Body of Cardinal Cormac Murphy-O’Connor received into Westminster Cathedral, ahead of funeral
After the service, a kneeler was placed at the foot of the coffin and a steady stream of people came throughout the day to pay their last respects
The body of Cardinal Cormac Murphy-O’Connor has been received into Westminster Cathedral, ahead of his funeral on Wednesday.
The reception was a quiet and moving service attended by the Cathedral Chapter and eight bishops including the present Archbishop of Westminster, Cardinal Vincent Nichols, the Archbishop of Birmingham, Bernard Longley and the Bishop of Plymouth, Mark O’Toole.
The service began at the West Door where the coffin was sprinkled with holy water before it was carried in procession through the cathedral to organ music by Bach.
Special prayers accompanied the placing of Christian symbols on the cardinal’s coffin: his book of the Gospels, cross, chalice, stole and mitre.
The celebrant, Canon Michael Brockie, Canon Provost of Westminster Cathedral, recited a litany that included the prayer “Lord Jesus, gentle Shepherd who brings rest to our souls, give peace to Cormac for ever.”
After the service, a kneeler was placed at the foot of the coffin and a steady stream of people came throughout the day to pay their last respects.
Among them was John from Enfield who said Cardinal Murphy- O’Connor supported him in his catechetical work in parishes.
“I’d applied for the Diaconate but it wasn’t the right time and rather than feeling disillusioned by it, he [Cardinal Murphy-O’Connor] actually wrote me a letter of encouragement and it’s always stayed with me and I wanted to pay my respects today,” he said.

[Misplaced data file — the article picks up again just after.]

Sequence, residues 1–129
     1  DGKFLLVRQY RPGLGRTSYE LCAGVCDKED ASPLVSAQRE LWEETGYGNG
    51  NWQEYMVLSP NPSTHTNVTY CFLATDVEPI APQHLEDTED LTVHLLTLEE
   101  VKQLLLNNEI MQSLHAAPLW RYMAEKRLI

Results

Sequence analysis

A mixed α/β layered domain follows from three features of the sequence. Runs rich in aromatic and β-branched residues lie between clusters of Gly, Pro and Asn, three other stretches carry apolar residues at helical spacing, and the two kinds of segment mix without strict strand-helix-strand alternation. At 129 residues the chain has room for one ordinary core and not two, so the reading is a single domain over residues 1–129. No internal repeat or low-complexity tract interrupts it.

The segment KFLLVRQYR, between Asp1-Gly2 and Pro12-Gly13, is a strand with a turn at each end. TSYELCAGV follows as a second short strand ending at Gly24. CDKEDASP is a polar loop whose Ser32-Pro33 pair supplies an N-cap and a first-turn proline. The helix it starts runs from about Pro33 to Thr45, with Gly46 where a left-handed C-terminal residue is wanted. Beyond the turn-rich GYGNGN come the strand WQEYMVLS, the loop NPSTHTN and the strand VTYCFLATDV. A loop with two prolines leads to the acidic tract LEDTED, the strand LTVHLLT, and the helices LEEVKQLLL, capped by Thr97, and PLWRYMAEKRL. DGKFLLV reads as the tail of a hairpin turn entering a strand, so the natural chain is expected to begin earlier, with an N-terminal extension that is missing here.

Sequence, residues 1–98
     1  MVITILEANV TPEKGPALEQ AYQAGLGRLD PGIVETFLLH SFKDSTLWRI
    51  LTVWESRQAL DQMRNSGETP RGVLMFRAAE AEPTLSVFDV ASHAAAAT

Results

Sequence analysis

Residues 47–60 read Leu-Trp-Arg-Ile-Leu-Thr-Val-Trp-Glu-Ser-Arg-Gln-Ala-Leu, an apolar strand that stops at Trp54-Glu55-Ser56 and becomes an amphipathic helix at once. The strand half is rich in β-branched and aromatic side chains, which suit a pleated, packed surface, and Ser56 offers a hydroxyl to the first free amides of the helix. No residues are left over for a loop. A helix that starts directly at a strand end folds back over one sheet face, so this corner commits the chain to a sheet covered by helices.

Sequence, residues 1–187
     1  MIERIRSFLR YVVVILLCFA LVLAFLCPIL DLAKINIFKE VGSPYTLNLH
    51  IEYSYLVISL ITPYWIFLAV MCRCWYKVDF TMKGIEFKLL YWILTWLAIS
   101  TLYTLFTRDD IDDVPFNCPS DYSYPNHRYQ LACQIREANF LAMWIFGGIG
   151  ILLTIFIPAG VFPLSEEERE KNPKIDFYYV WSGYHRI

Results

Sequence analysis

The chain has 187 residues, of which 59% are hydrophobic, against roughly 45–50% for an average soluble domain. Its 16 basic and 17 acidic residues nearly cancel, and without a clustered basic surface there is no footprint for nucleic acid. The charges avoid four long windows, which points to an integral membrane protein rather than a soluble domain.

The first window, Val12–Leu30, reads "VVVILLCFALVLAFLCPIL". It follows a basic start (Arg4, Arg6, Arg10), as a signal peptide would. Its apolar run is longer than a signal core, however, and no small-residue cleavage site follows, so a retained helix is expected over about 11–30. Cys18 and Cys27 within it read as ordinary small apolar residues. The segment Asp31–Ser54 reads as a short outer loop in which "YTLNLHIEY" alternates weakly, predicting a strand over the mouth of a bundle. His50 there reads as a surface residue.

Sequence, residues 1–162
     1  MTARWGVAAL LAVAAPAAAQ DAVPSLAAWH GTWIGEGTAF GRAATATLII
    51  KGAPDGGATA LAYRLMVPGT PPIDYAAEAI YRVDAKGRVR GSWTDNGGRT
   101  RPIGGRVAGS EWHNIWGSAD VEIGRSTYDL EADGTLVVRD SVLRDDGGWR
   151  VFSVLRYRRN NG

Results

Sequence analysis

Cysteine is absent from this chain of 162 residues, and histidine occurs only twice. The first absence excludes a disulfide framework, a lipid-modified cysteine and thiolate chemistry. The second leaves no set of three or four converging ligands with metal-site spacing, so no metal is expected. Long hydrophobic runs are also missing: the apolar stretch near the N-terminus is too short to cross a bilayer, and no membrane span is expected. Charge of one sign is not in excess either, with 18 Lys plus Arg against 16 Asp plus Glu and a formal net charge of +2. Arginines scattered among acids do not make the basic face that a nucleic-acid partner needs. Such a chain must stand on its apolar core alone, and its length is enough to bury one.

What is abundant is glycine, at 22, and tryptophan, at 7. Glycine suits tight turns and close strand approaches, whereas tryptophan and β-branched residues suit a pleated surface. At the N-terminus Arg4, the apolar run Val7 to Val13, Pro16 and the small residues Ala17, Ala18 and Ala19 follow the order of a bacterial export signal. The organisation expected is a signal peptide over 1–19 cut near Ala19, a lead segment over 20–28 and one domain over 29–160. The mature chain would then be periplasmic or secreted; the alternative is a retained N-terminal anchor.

Ronan and Catherine O’Kelly were married by the cardinal at Arundel Cathedral. The couple had fond memories of the way he conducted the service.
“He was warm and he did it with a real wit and sparkle as well as an underlying holiness,” said Mr O’Kelly.
Joanna Camporota, a parishioner in Chiswick, West London was a regular at the 8 am Sunday Mass celebrated by the cardinal there and recalled the wit and warmth of his preaching.
Mrs Camporota added: “My husband is Italian and the cardinal loved to speak to him in Italian. He used to say he didn’t want his Italian to get rusty.”
This evening, Cardinal Nichols presided over Solemn Vespers of the Dead.
The congregation heard that Cardinal Murphy O’Connor believed in and strove for the renewal called for by the Second Vatican Council.
In his sermon, the Archbishop of Birmingham, Bernard Longley highlighted the cardinal’s commitment to ecumenical dialogue and to his many years of work with ARCIC, the Anglican Roman Catholic International Commission, alongside Bishop Mark Santer, the retired Anglican Bishop of Birmingham.
“The presence of so many ecumenical friends and representatives of other faith communities is a striking tribute to the difference Cardinal Cormac made in realising the will of Christ for the Church,” Archbishop Longley said.
The Requiem Mass for Cardinal Murphy-O’Connor will take place at noon on Wednesday.
PICTURE: ©Catholic News
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